They’re called “tigers” because of their distinctive stripes, and “wolves” because of their alleged ferocity – “alleged” because there hasn’t been a confirmed sighting of a Thylacine in the wild for nearly a century. A new study of the eating habits of Thylacinus cynocephalus may give it a new nickname that better fits the much beloved yet still officially extinct creature – Tasmanian jackal.
“The thylacine (Thylacinus cynocephalus), the iconic recently extinct marsupial, is considered a classic example of convergent evolution with the distantly related placental wolf or dog, though almost nothing is actually known regarding its ecology. This lack of data leads to questions regarding the degree of convergence with, and the similarity of, the functional ecology of the thylacine and the wolf/dog.”
In the study published in the journal BMC Ecology and Evolution, Douglass S. Rovinsky, co-author and associate research scientist at Australia’s Monash University, points out that while the thylacine evolved at the same time and pace (convergently) as distantly related, non-marsupial wolves and dogs, any comparisons between the species are severely hindered by the lack of knowledge about the thylacine and the environment it lived and evolved in. Rovinsky and Monash colleagues Alistair Evans and Justin W. Adams started with Rovinsky’s previous research on the unusual skull shape of the thylacine in comparison with wolves and wild dogs and expanded it to 56 different species across 12 families of marsupial and placental faunivorous mammals. (“Faunivorous” is any animal that eats other animals.)
“Using hand-held 3D scanners, we scanned hundreds of skulls from 56 different species of carnivorous mammals, with specimens obtained from more than a dozen museums around the world. This enabled us to build a skull “shapespace” to then see where the thylacine would fit among the others.”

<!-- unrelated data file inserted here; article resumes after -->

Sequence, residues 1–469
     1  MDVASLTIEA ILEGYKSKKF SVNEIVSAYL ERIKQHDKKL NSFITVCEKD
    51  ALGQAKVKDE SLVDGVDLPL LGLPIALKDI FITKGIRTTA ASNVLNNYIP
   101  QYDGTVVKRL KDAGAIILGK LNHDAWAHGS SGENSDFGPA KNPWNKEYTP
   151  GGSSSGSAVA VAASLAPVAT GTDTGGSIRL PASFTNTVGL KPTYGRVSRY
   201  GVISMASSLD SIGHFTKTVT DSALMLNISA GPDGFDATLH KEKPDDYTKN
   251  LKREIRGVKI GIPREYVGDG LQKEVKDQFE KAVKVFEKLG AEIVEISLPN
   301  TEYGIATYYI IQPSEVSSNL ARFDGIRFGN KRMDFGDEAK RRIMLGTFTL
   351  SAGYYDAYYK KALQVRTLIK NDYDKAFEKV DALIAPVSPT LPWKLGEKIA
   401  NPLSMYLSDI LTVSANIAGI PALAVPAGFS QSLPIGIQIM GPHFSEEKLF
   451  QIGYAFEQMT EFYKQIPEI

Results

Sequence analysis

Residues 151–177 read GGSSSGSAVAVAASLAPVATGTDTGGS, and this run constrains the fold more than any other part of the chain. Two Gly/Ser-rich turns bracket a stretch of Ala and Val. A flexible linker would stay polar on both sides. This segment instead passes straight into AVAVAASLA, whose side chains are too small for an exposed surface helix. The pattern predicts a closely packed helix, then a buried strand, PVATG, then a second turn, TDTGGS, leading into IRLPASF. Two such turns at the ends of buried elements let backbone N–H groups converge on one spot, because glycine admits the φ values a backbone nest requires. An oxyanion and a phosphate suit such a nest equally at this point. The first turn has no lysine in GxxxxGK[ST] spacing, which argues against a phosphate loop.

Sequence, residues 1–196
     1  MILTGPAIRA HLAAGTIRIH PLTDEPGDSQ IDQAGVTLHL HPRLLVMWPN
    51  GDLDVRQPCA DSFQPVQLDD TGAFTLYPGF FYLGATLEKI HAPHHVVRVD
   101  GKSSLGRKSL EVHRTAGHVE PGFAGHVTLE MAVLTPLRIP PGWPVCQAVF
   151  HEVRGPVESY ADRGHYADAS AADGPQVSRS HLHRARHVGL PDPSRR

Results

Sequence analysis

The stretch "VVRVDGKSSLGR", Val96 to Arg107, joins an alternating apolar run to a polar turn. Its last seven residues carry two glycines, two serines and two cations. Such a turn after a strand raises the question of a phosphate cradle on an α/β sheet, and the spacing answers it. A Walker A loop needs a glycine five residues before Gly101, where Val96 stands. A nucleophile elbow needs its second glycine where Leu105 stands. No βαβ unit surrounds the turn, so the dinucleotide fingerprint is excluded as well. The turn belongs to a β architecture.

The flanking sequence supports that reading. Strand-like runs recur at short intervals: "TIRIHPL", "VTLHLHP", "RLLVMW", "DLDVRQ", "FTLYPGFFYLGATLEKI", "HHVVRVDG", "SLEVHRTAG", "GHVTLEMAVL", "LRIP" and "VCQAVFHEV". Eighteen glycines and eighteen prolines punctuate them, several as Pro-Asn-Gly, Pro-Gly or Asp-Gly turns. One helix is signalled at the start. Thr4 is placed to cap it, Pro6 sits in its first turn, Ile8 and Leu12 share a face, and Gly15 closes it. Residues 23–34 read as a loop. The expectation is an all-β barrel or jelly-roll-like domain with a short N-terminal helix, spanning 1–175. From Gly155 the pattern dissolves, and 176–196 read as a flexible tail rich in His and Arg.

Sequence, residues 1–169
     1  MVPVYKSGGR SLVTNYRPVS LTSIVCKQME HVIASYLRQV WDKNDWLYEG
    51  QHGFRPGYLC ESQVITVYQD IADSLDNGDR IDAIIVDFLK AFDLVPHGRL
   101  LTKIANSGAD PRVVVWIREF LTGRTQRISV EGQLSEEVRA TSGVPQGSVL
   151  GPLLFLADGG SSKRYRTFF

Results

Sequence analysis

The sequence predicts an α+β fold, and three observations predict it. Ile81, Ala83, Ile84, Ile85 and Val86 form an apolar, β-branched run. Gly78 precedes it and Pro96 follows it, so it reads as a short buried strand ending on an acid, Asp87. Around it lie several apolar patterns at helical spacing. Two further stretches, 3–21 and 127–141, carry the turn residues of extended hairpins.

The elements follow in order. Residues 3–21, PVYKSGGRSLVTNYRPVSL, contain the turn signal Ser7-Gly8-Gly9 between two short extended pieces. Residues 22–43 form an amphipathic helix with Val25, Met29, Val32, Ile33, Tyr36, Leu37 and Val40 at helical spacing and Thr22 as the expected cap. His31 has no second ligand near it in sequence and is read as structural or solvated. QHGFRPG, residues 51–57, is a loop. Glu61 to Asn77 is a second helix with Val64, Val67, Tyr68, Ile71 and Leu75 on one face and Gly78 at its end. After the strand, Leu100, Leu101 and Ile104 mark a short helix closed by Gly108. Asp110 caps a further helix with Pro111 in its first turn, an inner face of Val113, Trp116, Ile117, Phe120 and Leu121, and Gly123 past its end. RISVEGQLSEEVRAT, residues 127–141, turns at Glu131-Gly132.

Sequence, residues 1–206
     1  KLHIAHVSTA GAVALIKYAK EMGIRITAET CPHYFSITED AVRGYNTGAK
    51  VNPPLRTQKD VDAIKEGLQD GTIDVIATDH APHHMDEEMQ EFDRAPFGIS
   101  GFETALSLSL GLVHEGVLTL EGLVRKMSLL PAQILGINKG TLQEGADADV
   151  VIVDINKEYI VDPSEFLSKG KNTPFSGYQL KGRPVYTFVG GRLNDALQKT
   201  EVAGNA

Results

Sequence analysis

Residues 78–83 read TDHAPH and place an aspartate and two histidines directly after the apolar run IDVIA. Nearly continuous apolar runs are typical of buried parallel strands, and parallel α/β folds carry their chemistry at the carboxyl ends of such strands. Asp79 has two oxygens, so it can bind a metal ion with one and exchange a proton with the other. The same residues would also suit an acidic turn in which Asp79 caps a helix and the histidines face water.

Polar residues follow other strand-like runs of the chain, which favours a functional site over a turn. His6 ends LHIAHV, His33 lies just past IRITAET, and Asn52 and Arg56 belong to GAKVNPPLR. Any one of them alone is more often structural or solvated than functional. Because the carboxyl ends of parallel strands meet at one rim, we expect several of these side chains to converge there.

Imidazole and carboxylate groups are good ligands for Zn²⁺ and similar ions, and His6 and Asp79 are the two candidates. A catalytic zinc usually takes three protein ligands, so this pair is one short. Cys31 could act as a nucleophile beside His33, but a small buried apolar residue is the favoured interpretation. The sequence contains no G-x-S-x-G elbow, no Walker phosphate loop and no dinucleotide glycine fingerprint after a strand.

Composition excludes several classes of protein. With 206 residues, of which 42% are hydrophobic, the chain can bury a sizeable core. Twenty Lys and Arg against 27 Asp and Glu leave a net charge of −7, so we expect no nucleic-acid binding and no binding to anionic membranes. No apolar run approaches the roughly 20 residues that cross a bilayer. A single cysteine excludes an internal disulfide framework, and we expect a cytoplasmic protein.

As they explain in The Conversation, the researchers found strong evidence of convergent evolution … but not with wolves or dogs. The thylacine’s skull shape was closer to that of the African jackals and South American foxes, which are actually canids similar to jackals. Those two species eat animals much smaller than themselves, so the researchers looked at the Australian environment for similar creatures and decided the preferred food of thylacines was pademelons, bettongs, bandicoots and young wallabies. That separates thylacines even further from wolves, which have no problem eating animals much larger than themselves. Does that mean we should start calling them Tasmanian jackals?
“Interestingly, however, one of the most striking findings was that the thylacine did not actually overlap with any of the other predators, canid or otherwise. While it was similar to some canids, it was not identical. This highlights that even our more precise analysis may paint the thylacine with too broad a brush.”
Rovinsky then describes the painfully obvious reason for the demise of the thylacine – it was hunted to extinction because it reminded European settlers of the wolf, who then assumed it was as dangerous to their livestock as wolves.
“This reaction, like most based on first glance, was devastatingly wrong.”
Unfortunately, because they’re gone, we can’t determine what was right – what the thylacine was really like before the arrival of Europeans. Its convergent evolution with jackals only gives a partial picture. Yes, there’s still a remote chance a few will be found in Tasmania, but they won’t be able to fill in the blanks because they live in a completely different environment.
It’s no wonder so many people feel guilty about its likely extinction and hold out hope its DNA might bring it back. If you don’t, Rovinsky gives us one more reason.
“When we lost the thylacine, we lost something truly unique for its time.”